Developing Your Company's Ethics Policy

According to Kenneth Blanchard and Norman Vincent Peale, authors of The Power of Ethical Management, there are three questions you should ask yourself whenever you are faced with an ethical dilemma.

  1. Is it legal? In other words, will you be violating any criminal laws, civil laws or company policies by engaging in this activity?

  2. Is it balanced? Is it fair to all parties concerned both in the short-term as well as the long-term? Is this a win-win situation for those directly as well as indirectly involved?

  3. Is it right? Most of us know the difference between right and wrong, but when push comes to shove, how does this decision make you feel about yourself? Are you proud of yourself for making this decision? Would you like others to know you made the decision you did?

Most of the time, when dealing with "gray decisions", just one of these questions is not enough. But by taking the time to reflect on all three, you will often times find that the answer becomes very clear.

There are definite advantages to owning your own business when you are wanting to establish an ethics policy. You see, ethics come from the top. Without setting an example at the top, it is often difficult, if not impossible, to convince your employees that they too should be ethical in their business dealings. A well-defined ethics policy along with an outline of related standards of conduct provides the framework for ethical, moral behavior within your company.

What is the benefit to developing such a policy, you may be wondering. The benefit is higher employee morale and commitment which in most cases leads to higher profits. But higher profits should not be your motivating factor in defining your ethics policy.

An ethics policy should look at the bigger picture of how we relate to society as a whole and what our responsibility is to the greater good. Of course, in these days of downsizing and increasing change, some may argue that these ideals are unrealistic. However, it is important to note that most of the opponents of good ethics are focusing on short-term versus long-term results. Many organizations which have participated in the downsizing mania are beginning to realize that they have traded long-term employee morale and productivity for short-term profit margins.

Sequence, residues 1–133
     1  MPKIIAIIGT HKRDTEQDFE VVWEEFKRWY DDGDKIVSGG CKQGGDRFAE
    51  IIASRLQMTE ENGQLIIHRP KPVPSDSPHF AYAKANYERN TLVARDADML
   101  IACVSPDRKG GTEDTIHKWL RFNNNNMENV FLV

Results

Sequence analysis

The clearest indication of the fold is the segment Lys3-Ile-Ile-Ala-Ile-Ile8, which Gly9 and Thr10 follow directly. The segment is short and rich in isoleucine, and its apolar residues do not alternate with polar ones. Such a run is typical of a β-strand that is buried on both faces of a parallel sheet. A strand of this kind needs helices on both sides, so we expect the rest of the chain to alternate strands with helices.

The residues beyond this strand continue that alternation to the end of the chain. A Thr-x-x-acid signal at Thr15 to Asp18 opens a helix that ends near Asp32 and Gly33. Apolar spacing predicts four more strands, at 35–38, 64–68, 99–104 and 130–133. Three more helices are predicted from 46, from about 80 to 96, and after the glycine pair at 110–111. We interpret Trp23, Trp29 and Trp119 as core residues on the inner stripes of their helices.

The bottom line is "what goes around, comes around." If you treat your employees with disrespect and distrust, chances are they will do the same toward you.

When you are developing your ethics policy, you must decide what it is you want your company to stand for, put it in writing, and enforce it. According to Blanchard and Peale, you can base your policy on five fundamental principles:

Purpose. A purpose combines both your vision as well as the values you would like to see upheld in your business. It comes from the top and outlines specifically what is considered acceptable as well as unacceptable in terms of conduct in your business.

Pride.Pride builds dignity and self-respect. If employees are proud of where they work and what they are doing, they are much more apt to act in an ethical manner.

Patience. Since you must focus on long-term versus short-term results, you must develop a certain degree of patience. Without it, you will become too frustrated and will be more tempted to choose unethical alternatives.

Persistence. Persistence means standing by your word. It means being committed. If you are not committed to the ethics you have outlined, then they become worthless. Stand by your word.

Perspective. In a world where there is never enough time to do everything we need or want to do, it is often difficult to maintain perspective. However, stopping and reflecting on where your business is headed, why you are headed that way, and how you are going to get there allows you to make the best decisions both in the short-term as well as the long-term.

A company policy is a reflection of the values deemed important to the business. As you develop your ethics policy, focus on what you would like the world to be like, not on what others tell you it is.

Source U.S. Small Business Administration

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